If you’re like me, there is nothing that gets a day started better than a cup of coffee. In Europe or the USA, coffee cultures are highly unique. In New York, you might go to the same shop every day for the same drink. In Spain or Italy, you might have an espresso in the evening to wake up after a midday nap. No matter how you take your coffee, there is no denying that many people in the world crave it and need it to get through the day. South America is one of the world’s top coffee producers. Coffee plants need a highly specific climate in order to be as delicious as possible, and South America has just the climate the plant needs. From high altitudes to jungles and Cloud Forests, the climates provide a perfect home for coffee beans to grow in. While Africa is also a producer of some of the world’s best coffee, the mountains of South America are some of the richest in the world for coffee. The temperature at these heights is mild, which coffee plants need to develop their sweetness. In Cusco, the coffee culture is a unique blend of tradition and tourism. With the millions who flock to Cusco every year to visit such incredible history, many will likely be looking for coffee to fuel their Inca Trail hikes and Visits to Machu Picchu. Grab a cup of joe and explore the options to visit Machu Picchu through Southern Peru Explorers, For the coffee lover in Cusco, here is everything you need to know.
Coffee in Peru is Unique and Tasty
If you’re a big coffee nerd, you might already know about the coffee of Peru. It’s rich, a bit acidic, and aromatic. Many use it in Latin America Blends as it does not dominate the flavor profile. Production is focused mostly on Arabica, one of the varieties of the coffee plant, and is concentrated in three main areas, mostly those with good proximity to ports. Most coffee is farmed by local farmers, managed by hand, and exported to the US or Europe, but some is packaged and sold locally, and is a wonderful way to connect with a place.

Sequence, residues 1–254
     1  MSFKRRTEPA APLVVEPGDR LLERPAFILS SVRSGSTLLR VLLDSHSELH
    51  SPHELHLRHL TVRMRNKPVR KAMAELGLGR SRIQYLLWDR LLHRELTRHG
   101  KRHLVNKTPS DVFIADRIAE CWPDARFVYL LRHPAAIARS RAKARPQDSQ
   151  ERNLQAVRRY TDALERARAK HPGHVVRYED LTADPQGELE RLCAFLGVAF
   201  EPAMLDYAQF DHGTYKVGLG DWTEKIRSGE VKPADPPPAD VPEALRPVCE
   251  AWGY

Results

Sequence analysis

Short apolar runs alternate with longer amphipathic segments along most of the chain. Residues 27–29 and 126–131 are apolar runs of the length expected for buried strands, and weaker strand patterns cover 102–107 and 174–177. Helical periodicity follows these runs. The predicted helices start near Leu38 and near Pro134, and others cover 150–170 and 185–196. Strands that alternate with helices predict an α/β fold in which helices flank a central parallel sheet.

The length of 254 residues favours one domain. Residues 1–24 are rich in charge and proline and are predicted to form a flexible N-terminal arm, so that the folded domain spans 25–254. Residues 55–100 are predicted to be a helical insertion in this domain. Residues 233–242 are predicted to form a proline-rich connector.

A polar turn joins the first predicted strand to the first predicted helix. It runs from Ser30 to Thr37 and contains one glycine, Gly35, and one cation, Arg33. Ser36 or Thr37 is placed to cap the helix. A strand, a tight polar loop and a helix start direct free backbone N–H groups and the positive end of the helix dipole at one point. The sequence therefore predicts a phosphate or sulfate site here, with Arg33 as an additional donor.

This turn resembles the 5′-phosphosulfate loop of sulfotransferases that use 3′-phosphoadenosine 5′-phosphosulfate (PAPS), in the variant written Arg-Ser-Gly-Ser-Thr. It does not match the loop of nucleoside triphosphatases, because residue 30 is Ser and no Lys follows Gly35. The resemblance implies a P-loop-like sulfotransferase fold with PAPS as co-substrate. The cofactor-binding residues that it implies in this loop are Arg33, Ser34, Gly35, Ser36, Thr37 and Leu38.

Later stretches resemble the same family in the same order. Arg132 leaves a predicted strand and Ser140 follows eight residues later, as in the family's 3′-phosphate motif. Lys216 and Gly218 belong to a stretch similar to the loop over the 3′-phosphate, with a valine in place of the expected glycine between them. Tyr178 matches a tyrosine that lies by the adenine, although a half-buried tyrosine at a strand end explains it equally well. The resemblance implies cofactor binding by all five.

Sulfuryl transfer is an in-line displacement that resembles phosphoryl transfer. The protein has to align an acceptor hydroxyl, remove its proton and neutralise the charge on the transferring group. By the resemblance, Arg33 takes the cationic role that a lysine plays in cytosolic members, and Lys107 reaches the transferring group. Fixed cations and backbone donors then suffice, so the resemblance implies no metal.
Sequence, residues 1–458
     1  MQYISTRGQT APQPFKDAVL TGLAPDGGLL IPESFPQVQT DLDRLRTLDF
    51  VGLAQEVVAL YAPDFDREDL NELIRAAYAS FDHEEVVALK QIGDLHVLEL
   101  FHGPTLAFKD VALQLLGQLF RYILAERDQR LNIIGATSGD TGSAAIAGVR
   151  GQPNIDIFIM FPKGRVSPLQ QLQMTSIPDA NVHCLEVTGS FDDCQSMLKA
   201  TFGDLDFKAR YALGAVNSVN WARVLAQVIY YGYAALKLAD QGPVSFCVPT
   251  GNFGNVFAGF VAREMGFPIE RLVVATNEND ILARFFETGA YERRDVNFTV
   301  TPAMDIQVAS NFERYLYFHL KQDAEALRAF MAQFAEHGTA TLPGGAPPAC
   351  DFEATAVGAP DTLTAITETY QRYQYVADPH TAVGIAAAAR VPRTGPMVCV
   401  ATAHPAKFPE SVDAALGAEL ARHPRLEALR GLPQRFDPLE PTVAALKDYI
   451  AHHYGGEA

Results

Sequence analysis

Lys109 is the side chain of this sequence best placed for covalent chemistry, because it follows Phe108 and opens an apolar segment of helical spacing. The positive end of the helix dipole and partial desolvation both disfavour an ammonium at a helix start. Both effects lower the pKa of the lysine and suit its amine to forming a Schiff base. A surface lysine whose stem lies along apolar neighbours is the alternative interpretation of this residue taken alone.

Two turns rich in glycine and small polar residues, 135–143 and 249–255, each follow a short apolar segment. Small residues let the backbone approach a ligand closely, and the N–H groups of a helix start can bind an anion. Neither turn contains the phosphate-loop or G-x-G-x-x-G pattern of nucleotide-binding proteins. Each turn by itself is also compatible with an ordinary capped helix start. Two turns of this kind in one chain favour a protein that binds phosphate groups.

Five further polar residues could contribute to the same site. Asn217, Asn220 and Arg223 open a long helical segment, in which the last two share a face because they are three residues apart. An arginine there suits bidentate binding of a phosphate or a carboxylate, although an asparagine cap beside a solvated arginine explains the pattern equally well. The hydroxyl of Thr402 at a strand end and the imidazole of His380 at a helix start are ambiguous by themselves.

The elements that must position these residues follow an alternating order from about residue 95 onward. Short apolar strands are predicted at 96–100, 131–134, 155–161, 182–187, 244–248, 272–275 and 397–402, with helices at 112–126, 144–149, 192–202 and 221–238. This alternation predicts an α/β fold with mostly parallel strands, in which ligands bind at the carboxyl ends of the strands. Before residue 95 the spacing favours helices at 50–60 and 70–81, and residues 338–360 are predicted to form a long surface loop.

Coffee or Coca? Pick Your Poison
In the USA, morning beverage choices are an either-or proposition. Are you a tea person or a coffee person? Peru is very similar, but most people choose Mate de Coca, or Coca Tea. The working man will even chew a mouthful of raw coca leaves to get a morning buzz. Most restaurants serve Mate de Coca, and many even serve coffee too. Everyone visiting Peru should try Mate de Coca, but for the real caffeine adicts it won’t be hard to find, especially close to the historic/touristic center, where you can throw a rock and hit a café serving the good stuff.
Sometimes We All Need a Starbucks
While we all should branch out and experience local things when we travel, sometimes the best option is the comfort of home. Travel can be overwhelming, and something as important as coffee should be simple. Starbucks makes it easy for us, especially early in the morning when you’ve just arrived and don’t have it in you to navigate a new coffee culture. If your hotel doesn’t have it, Starbucks will, and it’s just like you’d get at home. Baristas are kind and helpful, even if your Spanish is weak. Besides, nowhere else will you find an iced coffee if you don’t care to make it yourself. Try the local Peruvian flavors, in the Plaza de Armas or the second floor of the Real Plaza.